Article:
- Standard Number:
OSHA requirements are set by statute, standards and regulations. Our interpretation letters explain these requirements and how they apply to particular circumstances, but they cannot create additional employer obligations. This letter constitutes OSHA's interpretation of the requirements discussed. Note that our enforcement guidance may be affected by changes to OSHA rules. Also, from time to time we update our guidance in response to new information. To keep apprised of such developments, you can consult OSHA's website at http://www.osha.gov.
October 4, 1985
L. W. Ferdinand, Manager
Loss Control Administration
Cal Gas Corporation
8401 Gerber Road
P. O. Box 28397
Sacramento, California 95828
Dear Mr. Ferdinand:
This is in response to your September 6 inquiry regarding the development of a generic Material Safety Data Sheet (MSDS) for your products. In your correspondence you asked if it would be acceptable to develop one MSDS to cover propane, butane, propylene, and butane/propane mixtures.
It is acceptable to prepare an MSDS to cover different products that contain the same chemicals in different proportions, as long as all the information required by paragraph 29 CFR 1910.1200(g) (2) is contained on the MSDS.
The generic MSDS attached to your inquiry was reviewed. Since the MSDS has information relative to chemicals in several different products, the MSDS must somehow identify the hazard information for the product that is being used.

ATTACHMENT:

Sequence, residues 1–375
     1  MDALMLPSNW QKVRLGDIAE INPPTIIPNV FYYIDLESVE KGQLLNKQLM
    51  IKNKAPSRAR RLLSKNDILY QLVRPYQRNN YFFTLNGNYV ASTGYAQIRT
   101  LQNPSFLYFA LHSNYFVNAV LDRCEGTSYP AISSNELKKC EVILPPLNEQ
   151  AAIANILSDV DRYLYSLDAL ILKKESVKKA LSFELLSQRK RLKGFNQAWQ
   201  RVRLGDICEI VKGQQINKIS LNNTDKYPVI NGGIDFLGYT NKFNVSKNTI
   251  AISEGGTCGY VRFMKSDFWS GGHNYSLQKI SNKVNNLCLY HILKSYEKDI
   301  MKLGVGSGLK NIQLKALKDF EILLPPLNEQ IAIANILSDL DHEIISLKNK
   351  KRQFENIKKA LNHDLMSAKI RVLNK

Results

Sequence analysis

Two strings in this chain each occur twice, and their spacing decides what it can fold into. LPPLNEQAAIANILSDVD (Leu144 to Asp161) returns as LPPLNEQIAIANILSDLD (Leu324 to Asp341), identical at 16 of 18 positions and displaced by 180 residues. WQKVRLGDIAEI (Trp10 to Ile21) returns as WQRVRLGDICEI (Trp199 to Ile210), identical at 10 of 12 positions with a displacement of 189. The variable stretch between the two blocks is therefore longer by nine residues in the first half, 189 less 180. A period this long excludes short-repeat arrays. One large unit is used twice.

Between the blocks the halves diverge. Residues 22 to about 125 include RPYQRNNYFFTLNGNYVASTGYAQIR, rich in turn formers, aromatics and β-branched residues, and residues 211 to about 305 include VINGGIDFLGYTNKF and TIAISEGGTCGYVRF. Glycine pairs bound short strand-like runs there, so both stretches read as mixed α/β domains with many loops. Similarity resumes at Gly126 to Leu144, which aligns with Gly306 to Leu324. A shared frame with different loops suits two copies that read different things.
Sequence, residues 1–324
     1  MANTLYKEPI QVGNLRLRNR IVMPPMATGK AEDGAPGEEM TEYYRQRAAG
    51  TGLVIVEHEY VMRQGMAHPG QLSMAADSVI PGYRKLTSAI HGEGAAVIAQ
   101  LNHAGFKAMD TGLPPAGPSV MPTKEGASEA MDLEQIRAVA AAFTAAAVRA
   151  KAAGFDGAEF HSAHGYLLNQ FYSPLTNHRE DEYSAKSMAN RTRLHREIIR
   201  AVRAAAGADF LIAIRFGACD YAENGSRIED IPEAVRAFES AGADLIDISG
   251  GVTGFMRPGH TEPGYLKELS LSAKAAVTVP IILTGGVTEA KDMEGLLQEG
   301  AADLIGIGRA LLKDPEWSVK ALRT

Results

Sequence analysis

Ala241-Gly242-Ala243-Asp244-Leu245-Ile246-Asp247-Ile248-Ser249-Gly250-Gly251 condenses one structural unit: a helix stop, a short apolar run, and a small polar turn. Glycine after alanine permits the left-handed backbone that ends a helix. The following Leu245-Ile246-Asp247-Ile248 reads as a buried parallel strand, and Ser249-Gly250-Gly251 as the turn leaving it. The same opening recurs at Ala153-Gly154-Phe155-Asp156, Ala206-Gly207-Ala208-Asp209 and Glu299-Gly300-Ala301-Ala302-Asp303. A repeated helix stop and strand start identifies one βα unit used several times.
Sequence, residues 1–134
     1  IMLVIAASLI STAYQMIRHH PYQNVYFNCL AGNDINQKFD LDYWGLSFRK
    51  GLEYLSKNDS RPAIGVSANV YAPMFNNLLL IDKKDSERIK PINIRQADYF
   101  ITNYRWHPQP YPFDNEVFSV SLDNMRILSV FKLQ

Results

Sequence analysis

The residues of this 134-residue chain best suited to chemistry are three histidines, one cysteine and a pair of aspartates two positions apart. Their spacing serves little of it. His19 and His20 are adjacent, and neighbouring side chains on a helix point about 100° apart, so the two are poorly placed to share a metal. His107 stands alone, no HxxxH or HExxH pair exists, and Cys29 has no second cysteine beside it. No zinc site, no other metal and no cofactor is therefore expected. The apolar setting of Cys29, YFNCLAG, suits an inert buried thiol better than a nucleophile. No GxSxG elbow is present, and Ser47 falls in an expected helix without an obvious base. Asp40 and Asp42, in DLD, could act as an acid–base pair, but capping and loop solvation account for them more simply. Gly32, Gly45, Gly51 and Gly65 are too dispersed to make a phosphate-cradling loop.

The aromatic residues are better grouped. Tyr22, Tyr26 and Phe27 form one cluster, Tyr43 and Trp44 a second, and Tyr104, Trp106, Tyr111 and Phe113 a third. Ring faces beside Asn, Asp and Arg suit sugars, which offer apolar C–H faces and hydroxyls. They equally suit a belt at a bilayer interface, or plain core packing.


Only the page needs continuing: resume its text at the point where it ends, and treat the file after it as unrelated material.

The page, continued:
In addition, a cursory review of the health hazard information indicates that the generic MSDS reflects one threshold limit value for the chemicals in all of the products. The MSDS must indicate the OSHA permissible exposure limit, the ACGIH Threshold Limit Value, and any other exposure limit used or recommended by the chemical manufacturer or importer for each ingredient that has been determined to be a health hazard which is present in the product in a concentration of one percent or more (0.1 percent if a carcinogen is present). Further, the health hazard information must also be reflected on the MSDS for each chemical in the product that is determined to be a health hazard, subject to the percentage limitations mentioned above.
Finally, paragraph 29 CFR 1910.1200(g)(2)(vii) requires that the MSDS reflect whether the hazardous chemical is listed in the National toxicology Program's Annual Report on Carcinogens or has been found to be a potential carcinogen in the monographs published by the International Agency for Research or Cancer, or by OSHA.
If we may be of further assistance on this matter please let us know.
John B. Miles, Jr., Director
Directorate of Field Operations